RSVU Search and Rescue

The Pacific Northwest offers such a wide array of geographic areas to explore. You can head west to the Ocean, east to the Rocky Mountains, southeast to the Oregon desert and north to remote areas along the Canadian border. In between you have Puget Sound, the Willamette Valley, the Cascade Mountains, several national parks, designated wilderness areas, lakes, mountain streams, volcanic peaks and so much more on which to recreate.

The recreational opportunities you can enjoy are practically endless. There is hiking, biking, mountain climbing, ATVing, fishing, hang gliding, skiing, bouldering, boating, snowmobiling, Geocaching and white water rafting to name a few.

But what happens when you twist an ankle, become lost, your bike breaks, you are caught in a freak storm, stuck above a cliff or become hypothermic during a storm (etc.) when you are far from your vehicle?

RV Life After Bedtime with Little Ones

Anyone who has had children knows the struggle that can come with putting your baby to bed. Once they finally doze off to sleep you will do anything to avoid waking them up. Whispering, tiptoeing, or holding your breath sound familiar? That’s definitely been the case with our son. Bedtime can be a challenge no matter where you are. Putting your baby to bed in an RV may seem no different than putting them to bed at home except for one key thing: there’s no door! While RVs offer great spaces that function as extra sleeping quarters, to call these actual bedrooms would require a physical door closing off the space. With curtains that often provide privacy for these areas, doors are not a necessity in RVs. But when it comes to your baby’s sleeping area, the challenge lies in the fact that there is no door to cancel out noise or darken the space. So once your baby is put down for a nap or early bed time, how do you continue to enjoy yourself or use your RV without waking your precious little one?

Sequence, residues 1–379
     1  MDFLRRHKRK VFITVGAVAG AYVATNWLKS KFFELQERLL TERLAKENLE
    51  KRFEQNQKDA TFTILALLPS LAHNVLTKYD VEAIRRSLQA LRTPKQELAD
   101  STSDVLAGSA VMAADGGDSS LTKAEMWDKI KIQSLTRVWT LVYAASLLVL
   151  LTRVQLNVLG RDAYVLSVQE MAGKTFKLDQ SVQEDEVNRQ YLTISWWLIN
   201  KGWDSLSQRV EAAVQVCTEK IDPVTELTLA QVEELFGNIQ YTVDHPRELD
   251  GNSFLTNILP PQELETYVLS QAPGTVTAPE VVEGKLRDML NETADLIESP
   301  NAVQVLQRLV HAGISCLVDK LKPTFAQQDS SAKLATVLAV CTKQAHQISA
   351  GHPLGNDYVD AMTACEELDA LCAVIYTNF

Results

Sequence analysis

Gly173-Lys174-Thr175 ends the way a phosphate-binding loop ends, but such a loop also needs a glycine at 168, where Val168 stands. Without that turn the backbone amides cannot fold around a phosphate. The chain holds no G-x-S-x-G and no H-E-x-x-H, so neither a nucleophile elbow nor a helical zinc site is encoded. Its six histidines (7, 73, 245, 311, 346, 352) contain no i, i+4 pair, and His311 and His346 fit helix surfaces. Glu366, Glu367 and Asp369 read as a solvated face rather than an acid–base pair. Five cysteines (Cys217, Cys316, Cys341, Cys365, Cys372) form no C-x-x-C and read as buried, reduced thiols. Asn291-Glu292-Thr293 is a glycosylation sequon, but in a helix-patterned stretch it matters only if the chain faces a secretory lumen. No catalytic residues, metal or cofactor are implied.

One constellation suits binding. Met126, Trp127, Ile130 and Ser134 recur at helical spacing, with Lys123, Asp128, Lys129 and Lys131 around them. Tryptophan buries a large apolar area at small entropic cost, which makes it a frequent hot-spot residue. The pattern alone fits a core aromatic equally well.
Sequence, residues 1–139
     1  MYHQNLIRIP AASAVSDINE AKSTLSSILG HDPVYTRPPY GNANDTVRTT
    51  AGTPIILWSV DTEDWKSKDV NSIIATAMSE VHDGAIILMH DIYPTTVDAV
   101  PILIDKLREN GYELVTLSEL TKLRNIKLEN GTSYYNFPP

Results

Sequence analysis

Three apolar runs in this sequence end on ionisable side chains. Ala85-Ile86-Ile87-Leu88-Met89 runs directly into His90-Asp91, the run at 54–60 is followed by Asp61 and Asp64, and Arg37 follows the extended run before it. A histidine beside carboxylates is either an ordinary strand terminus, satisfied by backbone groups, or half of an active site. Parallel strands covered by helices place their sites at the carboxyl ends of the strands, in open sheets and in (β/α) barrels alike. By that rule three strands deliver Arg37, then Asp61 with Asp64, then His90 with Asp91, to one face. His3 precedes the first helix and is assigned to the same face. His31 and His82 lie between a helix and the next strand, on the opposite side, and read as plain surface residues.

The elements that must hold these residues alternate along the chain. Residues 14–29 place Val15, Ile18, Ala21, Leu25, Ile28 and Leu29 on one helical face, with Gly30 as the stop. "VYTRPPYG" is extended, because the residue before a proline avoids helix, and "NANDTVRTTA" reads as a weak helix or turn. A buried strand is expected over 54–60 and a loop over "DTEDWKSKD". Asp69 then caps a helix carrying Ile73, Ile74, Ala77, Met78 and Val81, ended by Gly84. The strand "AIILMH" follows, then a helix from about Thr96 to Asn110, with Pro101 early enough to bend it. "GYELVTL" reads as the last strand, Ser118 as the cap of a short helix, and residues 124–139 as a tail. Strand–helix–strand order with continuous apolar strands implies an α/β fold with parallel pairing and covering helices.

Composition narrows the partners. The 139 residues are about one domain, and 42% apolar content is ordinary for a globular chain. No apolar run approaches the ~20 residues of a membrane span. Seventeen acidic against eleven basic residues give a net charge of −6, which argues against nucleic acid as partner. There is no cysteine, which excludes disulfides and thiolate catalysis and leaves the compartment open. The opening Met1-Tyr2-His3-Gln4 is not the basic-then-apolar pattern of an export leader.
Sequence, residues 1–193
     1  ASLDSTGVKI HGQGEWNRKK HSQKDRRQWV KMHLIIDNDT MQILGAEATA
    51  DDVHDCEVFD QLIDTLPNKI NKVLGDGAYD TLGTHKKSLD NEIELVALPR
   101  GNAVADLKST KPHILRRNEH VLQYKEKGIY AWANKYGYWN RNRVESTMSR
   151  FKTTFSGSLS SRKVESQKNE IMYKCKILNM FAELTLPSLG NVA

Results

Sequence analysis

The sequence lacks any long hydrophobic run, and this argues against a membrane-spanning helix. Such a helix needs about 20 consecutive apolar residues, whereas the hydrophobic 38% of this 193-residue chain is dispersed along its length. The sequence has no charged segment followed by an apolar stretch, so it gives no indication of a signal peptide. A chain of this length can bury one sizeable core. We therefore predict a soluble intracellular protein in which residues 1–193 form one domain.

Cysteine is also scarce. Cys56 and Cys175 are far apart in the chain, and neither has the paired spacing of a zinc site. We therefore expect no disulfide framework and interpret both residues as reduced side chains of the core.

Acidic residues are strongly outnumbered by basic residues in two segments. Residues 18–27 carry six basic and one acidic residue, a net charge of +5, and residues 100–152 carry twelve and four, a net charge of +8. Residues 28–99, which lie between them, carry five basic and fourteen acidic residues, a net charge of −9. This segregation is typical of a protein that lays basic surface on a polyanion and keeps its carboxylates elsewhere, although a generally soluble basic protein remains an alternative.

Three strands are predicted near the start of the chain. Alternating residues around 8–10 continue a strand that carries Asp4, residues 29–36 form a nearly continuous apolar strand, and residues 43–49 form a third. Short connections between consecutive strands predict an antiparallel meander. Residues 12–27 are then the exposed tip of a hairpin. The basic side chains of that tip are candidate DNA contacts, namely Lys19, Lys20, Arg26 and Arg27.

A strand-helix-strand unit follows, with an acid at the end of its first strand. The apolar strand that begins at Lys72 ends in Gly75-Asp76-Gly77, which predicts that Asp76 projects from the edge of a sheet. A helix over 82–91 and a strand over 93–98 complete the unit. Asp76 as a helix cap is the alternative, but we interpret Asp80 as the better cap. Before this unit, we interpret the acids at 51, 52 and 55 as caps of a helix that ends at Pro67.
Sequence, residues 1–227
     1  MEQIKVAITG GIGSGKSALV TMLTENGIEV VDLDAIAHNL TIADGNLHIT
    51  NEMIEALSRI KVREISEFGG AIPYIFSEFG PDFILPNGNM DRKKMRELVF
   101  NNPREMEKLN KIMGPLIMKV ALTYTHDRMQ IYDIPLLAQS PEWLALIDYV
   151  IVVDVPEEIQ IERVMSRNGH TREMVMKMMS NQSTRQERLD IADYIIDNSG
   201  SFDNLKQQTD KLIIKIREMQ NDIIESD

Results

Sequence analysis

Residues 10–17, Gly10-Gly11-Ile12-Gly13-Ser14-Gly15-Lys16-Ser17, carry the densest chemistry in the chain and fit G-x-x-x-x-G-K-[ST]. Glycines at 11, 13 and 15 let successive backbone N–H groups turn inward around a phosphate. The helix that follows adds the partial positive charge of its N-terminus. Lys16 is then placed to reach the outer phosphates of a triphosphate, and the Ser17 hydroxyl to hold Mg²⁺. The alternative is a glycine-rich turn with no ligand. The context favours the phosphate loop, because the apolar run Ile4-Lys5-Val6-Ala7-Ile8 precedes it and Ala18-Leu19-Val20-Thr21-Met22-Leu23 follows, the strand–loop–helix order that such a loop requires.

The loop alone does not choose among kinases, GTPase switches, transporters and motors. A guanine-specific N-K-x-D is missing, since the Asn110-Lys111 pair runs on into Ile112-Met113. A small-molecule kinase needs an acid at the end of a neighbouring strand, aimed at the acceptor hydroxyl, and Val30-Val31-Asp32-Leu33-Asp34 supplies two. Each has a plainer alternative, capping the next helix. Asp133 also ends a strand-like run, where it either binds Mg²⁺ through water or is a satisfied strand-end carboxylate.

"Fill the Toyhauler"

Two new partnerships were formed at this year's Puyallup RV Show; a new presenting sponsorship with TwinStar Credit Union and a charitable partnership with Emergency Food Network (EFN). A special promotion to "Fill the Toyhauler" was introduced asking people to bring non-perishable food items and place them in the toyhauler just inside the gate. Food items would go to EFN while the Puyallup RV Show (MHRV Show Association) along with TwinStar Credit Union would match these donations pound for pound. The promotion helped support EFN's May Hunger Awareness Month in Pierce County.

Solar Energy

You probably already know this because everyone is talking about it. RV solar panels are devices that convert sunlight into electricity for running equipment in your RV. They usually are mounted to the roof of your coach to capture the sunlight and send a charge to your batteries. This a great way to save energy and maximize your battery life, but is it right for you?

Hiawatha Trail

You’ve undoubtedly seen the Idaho Travel “18 Summers” advertisements on TV depicting families having fun together. Families having fun together is what RVing is all about. Some of the video clips feature families riding their bicycles through abandoned railroad tunnels and over high trestles. Those scenes are of families enjoying the Hiawatha Trail which is considered the Crown Jewel of rail to trail conversions in the country. Let’s face it, what child doesn’t like exploring a dark underground place or soaring like a bird high above the ground? If mom and dad can join in the adventure, all the better!